- - Monday, August 26, 2013


Union organizers are hungry to add cooks, waiters and busboys to a shrinking roster of union members. The Hotel Employees and Restaurant Employees Local 100 came up with what it thought was a nifty idea to set up the Restaurant Opportunities Center in New York City to demonstrate that union-scale wages could be paid to restaurant workers and succeed. The co-founder, one Saru Jayaraman, told NPR that her goal was to “organize the 99 percent of the [New York City restaurant] industry that doesn’t have a union.”

Colors opened to great fanfare nearly a decade ago as “New York’s only cooperative restaurant, owned and operated by its workers.” It was a dream that soon faded into harsh reality. Colors is available now only for private events and “space rentals.” The restaurant’s advertising slogan, “Just good food,” was impossible to live up to.

New restaurants frequently can’t make it in Manhattan, home of some of the world’s pickiest eaters and one of the most competitive restaurant scenes in the world. Gotham diners choose from a dazzling array of choices, and customers soon found that it wasn’t difficult to find better alternatives to Colors. “The entree servings definitely will not be enough for the general diner,” wrote one customer on the review site Yelp, the “small portions and … mediocre flavors are something I feel a subpar home cook can make.”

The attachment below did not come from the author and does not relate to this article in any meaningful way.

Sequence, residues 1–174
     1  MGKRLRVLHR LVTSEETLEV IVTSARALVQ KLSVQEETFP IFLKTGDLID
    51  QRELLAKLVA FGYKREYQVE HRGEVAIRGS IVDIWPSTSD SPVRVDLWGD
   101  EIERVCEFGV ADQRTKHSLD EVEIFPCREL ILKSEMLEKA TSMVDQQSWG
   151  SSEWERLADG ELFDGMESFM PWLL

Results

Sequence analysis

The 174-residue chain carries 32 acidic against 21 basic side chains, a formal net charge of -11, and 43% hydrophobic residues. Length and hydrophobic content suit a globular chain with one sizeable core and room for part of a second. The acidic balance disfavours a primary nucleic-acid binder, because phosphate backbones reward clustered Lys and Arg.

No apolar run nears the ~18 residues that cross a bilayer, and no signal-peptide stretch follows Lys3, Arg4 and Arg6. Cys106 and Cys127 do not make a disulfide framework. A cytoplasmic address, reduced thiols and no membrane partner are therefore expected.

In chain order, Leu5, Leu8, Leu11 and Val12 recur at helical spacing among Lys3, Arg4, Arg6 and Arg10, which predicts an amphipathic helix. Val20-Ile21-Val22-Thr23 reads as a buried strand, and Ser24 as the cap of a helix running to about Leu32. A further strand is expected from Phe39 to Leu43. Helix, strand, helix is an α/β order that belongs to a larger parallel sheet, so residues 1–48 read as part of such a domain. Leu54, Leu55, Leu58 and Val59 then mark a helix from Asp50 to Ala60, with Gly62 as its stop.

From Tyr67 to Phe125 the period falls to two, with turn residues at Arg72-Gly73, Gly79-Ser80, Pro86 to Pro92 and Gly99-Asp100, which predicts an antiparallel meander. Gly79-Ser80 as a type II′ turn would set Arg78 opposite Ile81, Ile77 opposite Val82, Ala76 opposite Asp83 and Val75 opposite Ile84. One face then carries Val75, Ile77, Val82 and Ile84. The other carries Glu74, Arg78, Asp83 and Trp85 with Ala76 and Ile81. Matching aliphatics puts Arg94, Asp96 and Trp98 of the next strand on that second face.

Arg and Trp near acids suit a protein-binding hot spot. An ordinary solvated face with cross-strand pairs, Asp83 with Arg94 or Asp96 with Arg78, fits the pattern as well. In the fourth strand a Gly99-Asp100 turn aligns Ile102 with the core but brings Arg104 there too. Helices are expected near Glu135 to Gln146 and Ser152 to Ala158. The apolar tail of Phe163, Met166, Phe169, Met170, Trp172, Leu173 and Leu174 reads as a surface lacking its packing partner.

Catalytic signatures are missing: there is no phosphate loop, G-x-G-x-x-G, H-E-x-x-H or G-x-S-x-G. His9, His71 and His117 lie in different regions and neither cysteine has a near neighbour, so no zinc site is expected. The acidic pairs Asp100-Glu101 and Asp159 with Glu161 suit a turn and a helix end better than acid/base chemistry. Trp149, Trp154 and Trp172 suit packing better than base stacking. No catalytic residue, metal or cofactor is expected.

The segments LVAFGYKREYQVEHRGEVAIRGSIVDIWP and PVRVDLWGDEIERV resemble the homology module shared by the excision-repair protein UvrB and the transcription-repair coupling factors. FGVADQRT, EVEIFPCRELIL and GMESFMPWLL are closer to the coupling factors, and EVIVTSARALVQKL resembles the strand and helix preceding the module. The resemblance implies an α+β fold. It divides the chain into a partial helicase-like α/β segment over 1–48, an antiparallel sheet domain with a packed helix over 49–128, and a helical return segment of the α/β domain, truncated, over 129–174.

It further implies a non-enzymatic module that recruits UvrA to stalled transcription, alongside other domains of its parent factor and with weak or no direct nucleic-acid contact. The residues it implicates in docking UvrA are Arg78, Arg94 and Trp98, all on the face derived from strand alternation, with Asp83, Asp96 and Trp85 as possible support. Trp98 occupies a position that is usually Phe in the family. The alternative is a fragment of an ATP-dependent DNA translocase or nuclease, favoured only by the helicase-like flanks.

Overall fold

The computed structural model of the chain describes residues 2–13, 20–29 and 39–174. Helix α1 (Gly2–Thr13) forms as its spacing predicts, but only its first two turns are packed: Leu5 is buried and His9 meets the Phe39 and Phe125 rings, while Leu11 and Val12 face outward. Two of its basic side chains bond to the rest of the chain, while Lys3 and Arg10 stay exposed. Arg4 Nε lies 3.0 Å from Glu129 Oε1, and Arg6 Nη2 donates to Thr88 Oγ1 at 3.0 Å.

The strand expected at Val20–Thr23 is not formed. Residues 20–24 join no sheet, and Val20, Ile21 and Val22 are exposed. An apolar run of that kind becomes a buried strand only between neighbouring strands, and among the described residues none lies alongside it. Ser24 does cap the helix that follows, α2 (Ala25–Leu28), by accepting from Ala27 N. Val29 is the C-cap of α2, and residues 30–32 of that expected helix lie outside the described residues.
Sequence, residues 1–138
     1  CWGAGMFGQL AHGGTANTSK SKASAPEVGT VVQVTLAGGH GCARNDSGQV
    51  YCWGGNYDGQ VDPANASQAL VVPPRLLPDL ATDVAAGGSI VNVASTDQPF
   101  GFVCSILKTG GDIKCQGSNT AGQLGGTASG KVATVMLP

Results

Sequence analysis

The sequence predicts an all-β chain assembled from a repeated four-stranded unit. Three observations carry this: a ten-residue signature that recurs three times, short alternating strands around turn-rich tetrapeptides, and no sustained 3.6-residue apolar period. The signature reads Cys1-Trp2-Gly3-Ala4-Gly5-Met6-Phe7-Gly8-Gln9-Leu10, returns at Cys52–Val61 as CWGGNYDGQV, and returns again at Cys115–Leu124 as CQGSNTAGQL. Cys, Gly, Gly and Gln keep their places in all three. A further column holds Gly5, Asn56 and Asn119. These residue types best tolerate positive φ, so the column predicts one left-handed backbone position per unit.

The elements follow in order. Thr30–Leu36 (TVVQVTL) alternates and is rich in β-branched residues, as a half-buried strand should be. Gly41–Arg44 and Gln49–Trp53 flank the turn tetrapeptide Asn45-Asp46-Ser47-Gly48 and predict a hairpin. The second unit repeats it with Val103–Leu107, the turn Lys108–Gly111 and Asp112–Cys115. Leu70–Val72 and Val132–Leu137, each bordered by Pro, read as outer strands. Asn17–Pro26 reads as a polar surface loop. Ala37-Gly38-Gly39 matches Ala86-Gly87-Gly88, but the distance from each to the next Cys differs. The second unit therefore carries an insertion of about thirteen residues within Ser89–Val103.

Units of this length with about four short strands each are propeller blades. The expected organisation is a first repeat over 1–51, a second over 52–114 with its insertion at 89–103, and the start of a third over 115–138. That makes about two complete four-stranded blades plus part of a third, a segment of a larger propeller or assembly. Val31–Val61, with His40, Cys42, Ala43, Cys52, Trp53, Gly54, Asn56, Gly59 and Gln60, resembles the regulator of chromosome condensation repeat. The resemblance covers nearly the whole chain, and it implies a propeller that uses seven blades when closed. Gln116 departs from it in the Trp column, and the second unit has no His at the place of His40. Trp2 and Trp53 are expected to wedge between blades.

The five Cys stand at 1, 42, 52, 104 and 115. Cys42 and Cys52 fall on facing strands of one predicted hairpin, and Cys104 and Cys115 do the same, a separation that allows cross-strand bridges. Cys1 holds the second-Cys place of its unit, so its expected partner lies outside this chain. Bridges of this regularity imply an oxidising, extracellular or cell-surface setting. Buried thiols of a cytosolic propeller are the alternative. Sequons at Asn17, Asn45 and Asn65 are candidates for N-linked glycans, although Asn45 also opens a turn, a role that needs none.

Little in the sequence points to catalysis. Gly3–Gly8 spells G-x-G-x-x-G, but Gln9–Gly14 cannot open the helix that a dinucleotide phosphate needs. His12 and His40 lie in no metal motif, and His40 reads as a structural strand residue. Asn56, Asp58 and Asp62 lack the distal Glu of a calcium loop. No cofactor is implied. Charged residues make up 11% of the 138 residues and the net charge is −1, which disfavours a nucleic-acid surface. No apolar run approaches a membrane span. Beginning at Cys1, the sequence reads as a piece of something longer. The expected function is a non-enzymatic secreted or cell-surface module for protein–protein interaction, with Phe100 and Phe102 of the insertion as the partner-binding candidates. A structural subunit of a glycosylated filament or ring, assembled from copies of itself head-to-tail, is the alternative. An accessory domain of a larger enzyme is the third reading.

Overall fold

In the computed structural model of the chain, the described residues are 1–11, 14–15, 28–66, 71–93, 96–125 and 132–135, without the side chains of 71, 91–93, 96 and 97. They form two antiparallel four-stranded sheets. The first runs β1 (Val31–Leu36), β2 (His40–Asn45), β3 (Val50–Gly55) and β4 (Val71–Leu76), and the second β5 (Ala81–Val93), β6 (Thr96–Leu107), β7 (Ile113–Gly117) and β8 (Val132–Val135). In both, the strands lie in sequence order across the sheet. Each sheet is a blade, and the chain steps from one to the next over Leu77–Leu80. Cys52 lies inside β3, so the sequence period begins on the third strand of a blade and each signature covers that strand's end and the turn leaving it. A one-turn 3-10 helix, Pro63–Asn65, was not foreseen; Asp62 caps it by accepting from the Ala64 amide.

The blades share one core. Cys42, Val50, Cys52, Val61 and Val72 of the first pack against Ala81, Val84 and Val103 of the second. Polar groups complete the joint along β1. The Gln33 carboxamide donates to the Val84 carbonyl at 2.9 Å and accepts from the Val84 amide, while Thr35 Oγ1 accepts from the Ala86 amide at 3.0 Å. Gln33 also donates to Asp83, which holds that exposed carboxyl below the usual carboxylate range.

Burdened by unrealistic labor costs, Colors never covered expenses and had to be bailed out with grants from New York City, state agencies, the U.S. Department of Labor and even the federal Centers for Disease Control. One of the grants was used to teach restaurant employees about workplace “safety and health hazards.” (Wash your hands. Don’t feed the rats.)

These were lessons not always learned. In April, the municipal health department cited Colors for “evidence of rats or live rats present.” This followed a losing grade last year when inspectors found mice on the premises. The murine species have found a happy home at Colors even if diners have not.

Service business that want to succeed must please its first and last customers. Successful restaurateurs have figured out how to please. They often operate on slim margins, and the waiters, chefs and dishwashers can’t take home more pay than their food and service brings in. Grants from the government inevitably spoil the broth. Forcing employees to split their modest paychecks with a union further curdles cream, turns butter rancid and makes the bread stale.

Operating a restaurant whose top priority is to push a political agenda, legitimate or not, was doomed to failure from the day Colors opened. The unions haven’t yet learned the lessons successful restaurateurs learn first, and last year the union opened a new restaurant in Detroit. Bankrupt or not, people have to eat, but prospects aren’t great.

Before legislators consider “card checks” and other schemes and dreams as favors to unions, they should make reservations at Colors to get a taste of the soup they’ll be paying for.

The Washington Times

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